8 Juillet 2013
July 8, 2013
What utilities have to do under new nuclear rules
Japan's new nuclear safety guidelines are the first to oblige power companies to prepare for major nuclear accidents. They also demand that utilities make their assessments for possible earthquakes and tsunami stricter than in the past.
The rules require utilities to set up an emergency command center that can withstand earthquakes and radiation. They also call for the installation of filter vents for boiling water reactors -- the kinds used at the stricken Fukushima Daiichi plant. The vents are designed to release pressure in containment vessels while limiting massive emission of radioactive substances.
Utilities will also have to replace power cables with non-flammable types before resumption of operations.
Plant operators also need to have ways to cool nuclear fuel from outside the reactors in case of terrorist attacks from aircraft.
A facility housing a back-up central control room must be set up 100 meters from reactors within 5 years.
The guidelines say faults that moved in the last 120,000 to 130,000 years are judged to be active faults.
But if it is impossible to make clear assessments, the guidelines say judgment should be based on whether faults moved in the last 400,000 years. Three-dimensional stratal analysis is also required.
Power firms are asked to anticipate the largest possible tsunami, and set up seawalls and take other measures to prevent water from entering buildings.
They must also assess anticipated damage from volcanic eruptions and tornados.
Nine of the pressurized water-type reactors in the country use flammable electric cables. It is believed that replacing them will cost an enormous amount of time and money. That is also true for other upgrades required of operators running aged reactors. The stricter safety standards are expected to force companies to decide which reactors to keep and which to decommission.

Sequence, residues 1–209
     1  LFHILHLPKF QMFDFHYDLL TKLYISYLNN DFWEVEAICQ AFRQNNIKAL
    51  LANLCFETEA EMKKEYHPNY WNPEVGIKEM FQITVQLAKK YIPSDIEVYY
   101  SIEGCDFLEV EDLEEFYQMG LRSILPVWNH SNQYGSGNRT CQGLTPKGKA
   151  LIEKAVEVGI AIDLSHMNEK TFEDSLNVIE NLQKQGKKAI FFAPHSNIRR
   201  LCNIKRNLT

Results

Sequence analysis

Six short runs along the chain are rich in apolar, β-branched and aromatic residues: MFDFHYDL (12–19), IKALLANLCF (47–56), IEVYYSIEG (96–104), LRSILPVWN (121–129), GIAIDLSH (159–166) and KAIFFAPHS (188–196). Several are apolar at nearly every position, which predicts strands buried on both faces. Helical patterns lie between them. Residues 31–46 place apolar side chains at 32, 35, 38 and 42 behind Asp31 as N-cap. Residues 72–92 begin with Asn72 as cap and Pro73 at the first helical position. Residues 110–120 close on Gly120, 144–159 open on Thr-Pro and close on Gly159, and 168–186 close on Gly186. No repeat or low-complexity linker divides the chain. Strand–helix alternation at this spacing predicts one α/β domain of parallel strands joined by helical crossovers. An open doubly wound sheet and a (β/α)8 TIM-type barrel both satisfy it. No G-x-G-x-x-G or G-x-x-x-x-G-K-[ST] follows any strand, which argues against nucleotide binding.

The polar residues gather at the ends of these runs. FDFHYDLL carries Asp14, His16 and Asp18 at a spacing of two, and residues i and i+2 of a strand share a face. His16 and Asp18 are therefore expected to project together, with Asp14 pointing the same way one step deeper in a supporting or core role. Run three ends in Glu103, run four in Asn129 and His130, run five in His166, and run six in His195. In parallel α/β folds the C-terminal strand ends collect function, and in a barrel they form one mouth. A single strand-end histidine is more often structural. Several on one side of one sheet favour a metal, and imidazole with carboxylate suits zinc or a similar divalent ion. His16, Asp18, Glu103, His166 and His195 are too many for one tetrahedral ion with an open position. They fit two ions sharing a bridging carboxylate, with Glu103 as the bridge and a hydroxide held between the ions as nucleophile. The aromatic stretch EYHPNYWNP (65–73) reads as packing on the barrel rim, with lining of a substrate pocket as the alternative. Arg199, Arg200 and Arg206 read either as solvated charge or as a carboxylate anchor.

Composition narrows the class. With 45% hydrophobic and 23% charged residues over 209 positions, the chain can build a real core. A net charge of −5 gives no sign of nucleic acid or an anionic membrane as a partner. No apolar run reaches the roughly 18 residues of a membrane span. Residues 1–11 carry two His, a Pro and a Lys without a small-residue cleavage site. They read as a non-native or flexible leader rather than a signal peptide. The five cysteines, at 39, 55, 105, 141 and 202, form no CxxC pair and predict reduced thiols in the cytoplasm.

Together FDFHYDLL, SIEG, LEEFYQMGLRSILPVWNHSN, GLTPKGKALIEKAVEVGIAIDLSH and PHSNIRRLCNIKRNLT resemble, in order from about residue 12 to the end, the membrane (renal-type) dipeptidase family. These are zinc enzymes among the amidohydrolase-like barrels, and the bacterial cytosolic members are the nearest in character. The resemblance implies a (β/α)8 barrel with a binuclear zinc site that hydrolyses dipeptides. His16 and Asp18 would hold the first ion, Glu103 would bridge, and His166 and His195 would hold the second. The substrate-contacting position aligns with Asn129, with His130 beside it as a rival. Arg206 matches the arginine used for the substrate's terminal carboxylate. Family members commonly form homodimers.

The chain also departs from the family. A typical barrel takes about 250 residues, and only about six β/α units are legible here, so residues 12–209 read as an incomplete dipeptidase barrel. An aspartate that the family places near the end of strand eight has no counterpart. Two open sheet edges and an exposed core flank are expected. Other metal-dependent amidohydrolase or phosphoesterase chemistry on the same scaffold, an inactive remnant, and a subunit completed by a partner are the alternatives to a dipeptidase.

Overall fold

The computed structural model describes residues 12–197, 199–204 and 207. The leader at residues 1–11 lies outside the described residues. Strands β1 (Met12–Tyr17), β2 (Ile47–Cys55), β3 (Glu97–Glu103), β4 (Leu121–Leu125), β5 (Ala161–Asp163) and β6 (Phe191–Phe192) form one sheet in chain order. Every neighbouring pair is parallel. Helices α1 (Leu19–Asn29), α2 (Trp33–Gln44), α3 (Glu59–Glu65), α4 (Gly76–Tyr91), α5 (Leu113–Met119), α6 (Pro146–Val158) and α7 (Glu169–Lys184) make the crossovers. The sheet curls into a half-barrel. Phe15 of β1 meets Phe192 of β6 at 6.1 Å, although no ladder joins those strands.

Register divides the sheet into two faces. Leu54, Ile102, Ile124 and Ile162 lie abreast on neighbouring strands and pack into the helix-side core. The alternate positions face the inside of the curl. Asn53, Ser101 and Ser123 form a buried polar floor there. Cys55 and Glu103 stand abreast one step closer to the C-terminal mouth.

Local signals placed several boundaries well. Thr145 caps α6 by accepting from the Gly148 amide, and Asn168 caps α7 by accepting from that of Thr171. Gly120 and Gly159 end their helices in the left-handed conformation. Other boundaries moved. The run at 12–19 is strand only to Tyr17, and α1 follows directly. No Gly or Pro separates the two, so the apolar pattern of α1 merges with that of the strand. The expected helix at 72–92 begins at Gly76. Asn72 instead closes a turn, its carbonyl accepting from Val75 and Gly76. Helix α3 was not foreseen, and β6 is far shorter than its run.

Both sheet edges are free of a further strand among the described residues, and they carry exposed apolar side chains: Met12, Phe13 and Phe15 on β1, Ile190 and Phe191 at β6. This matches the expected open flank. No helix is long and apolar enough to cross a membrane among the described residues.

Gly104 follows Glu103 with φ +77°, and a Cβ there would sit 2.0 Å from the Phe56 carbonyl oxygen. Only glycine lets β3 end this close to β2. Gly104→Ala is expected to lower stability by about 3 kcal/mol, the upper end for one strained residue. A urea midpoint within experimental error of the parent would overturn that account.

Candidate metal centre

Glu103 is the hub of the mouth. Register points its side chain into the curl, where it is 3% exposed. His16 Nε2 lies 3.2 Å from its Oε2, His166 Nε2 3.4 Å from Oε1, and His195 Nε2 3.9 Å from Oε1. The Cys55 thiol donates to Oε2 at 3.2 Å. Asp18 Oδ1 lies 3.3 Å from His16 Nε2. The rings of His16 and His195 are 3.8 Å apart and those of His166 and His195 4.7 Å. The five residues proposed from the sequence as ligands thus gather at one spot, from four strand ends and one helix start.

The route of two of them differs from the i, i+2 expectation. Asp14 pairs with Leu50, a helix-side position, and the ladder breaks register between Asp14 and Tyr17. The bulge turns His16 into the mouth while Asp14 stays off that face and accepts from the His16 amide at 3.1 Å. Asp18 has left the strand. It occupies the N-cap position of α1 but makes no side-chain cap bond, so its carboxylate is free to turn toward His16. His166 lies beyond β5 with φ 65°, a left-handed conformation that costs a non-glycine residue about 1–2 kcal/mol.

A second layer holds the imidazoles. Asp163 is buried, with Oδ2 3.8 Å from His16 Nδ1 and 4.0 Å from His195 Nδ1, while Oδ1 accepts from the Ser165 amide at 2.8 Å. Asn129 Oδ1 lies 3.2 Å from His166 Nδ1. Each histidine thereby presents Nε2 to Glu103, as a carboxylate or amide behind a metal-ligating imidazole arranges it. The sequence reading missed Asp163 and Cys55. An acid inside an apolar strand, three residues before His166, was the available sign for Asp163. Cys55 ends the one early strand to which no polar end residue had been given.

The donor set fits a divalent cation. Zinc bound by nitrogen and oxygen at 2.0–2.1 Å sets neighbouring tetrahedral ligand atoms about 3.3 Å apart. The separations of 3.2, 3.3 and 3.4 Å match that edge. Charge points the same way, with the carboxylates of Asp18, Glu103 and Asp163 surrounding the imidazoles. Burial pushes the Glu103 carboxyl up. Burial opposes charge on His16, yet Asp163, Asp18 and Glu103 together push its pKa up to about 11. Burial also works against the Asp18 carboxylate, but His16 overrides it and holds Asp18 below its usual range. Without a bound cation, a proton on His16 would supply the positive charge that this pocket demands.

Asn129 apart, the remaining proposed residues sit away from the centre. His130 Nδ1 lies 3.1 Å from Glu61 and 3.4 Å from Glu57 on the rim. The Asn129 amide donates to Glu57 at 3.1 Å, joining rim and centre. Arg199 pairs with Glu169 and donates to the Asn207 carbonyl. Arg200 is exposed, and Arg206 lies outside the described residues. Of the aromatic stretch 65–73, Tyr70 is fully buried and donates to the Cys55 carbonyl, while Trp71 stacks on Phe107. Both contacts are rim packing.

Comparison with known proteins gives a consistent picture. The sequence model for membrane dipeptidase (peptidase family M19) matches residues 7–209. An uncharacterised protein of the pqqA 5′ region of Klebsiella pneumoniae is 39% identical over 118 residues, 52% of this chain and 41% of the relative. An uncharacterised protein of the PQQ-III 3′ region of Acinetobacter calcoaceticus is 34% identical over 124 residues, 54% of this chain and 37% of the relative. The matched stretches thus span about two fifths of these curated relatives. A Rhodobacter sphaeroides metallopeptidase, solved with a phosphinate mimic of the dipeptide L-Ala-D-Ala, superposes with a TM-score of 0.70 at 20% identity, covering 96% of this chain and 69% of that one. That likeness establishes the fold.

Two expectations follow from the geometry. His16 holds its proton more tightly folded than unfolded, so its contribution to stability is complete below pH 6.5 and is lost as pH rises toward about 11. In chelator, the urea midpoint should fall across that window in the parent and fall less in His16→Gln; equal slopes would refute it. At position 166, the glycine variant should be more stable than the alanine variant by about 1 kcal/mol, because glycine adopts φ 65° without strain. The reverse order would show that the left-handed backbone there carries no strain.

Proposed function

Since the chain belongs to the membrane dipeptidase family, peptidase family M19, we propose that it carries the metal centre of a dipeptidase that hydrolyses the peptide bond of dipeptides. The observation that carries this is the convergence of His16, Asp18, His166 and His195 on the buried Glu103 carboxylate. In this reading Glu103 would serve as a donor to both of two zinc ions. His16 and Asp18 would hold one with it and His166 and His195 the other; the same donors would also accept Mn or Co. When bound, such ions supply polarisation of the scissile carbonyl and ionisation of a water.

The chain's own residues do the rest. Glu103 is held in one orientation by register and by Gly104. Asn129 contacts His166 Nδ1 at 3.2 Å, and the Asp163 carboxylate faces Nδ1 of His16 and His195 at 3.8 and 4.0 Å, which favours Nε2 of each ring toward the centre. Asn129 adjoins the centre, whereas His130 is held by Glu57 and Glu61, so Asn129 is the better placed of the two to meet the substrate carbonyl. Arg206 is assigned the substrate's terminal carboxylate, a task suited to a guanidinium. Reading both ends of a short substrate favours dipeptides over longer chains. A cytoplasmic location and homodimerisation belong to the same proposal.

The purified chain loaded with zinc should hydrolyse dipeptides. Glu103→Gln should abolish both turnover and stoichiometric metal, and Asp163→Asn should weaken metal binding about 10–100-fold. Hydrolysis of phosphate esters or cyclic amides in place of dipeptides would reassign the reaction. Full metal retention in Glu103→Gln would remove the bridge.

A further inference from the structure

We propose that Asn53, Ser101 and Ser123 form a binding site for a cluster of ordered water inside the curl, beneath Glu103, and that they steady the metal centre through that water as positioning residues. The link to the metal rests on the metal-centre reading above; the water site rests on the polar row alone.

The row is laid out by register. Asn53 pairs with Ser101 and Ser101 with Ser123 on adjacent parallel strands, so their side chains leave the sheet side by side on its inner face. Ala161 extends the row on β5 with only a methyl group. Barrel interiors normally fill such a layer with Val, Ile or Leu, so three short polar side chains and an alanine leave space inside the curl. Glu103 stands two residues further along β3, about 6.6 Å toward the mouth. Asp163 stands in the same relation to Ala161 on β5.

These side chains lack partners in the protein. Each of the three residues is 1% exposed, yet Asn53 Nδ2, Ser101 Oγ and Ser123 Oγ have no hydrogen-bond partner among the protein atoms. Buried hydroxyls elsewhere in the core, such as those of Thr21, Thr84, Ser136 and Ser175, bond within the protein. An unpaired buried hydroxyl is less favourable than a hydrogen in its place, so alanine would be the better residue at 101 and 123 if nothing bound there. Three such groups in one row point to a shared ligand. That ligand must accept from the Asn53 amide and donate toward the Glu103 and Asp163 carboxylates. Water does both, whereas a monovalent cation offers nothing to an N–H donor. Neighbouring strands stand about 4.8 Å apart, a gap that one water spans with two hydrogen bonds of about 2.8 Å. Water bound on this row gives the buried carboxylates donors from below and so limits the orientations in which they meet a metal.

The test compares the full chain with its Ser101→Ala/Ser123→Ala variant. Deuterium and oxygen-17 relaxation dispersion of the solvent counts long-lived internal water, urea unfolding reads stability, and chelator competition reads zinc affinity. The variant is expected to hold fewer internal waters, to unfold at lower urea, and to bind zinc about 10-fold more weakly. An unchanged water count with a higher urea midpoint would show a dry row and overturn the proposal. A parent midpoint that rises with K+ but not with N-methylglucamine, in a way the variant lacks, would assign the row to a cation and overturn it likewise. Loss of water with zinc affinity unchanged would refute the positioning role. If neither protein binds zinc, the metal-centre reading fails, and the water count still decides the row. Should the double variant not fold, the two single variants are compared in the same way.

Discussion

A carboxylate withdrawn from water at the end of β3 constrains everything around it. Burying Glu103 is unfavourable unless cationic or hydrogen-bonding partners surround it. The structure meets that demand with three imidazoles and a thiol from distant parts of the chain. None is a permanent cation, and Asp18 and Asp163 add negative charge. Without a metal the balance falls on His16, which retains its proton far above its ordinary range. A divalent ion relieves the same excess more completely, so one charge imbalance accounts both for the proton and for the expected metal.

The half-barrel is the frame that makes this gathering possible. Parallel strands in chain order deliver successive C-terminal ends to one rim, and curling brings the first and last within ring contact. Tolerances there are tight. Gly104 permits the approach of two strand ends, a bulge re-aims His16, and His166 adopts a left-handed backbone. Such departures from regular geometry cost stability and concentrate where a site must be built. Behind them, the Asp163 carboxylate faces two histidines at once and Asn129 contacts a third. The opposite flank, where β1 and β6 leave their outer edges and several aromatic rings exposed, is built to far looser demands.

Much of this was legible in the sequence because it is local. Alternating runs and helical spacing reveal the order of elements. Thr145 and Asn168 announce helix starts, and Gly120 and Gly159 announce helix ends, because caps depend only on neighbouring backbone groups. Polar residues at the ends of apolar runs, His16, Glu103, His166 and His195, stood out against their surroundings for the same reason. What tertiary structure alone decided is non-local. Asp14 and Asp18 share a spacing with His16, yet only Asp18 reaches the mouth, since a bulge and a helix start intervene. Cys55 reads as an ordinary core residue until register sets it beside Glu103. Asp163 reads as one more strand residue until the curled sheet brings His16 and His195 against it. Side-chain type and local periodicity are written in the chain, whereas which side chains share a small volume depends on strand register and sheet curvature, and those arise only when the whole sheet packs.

Screening plants to restart nuclear reactors
Japan's nuclear authority will soon begin screening applications from power companies to restart some nuclear reactors.
Screening will be based on new nuclear safety guidelines that took effect on Monday.
The Nuclear Regulation Authority will assign 80 people in 3 teams to do the work.
Officials from the nuclear agency say it will take at least 6 months to process an application from each plant.
Items to be examined include operators' preparation for serious accidents, powerful earthquakes and tsunami.
The agency will also perform onsite inspections.
The central government will approve the restart of reactors at plants found safe by the nuclear authority.
But before the final go-ahead, the government and power companies must gain the consent of local municipalities.
Some of the local governments have no plans in place for evacuating residents in case of an accident.
The nuclear authority says the municipalities must submit such plans before it can give the green light to restart reactors.
It is not known how long the government will take to approve the restart.
Two reactors at the Ohi plant in Fukui Prefecture are the only ones in the country currently online. Once they are idled for regular inspection in September, no nuclear reactors will be operating in Japan.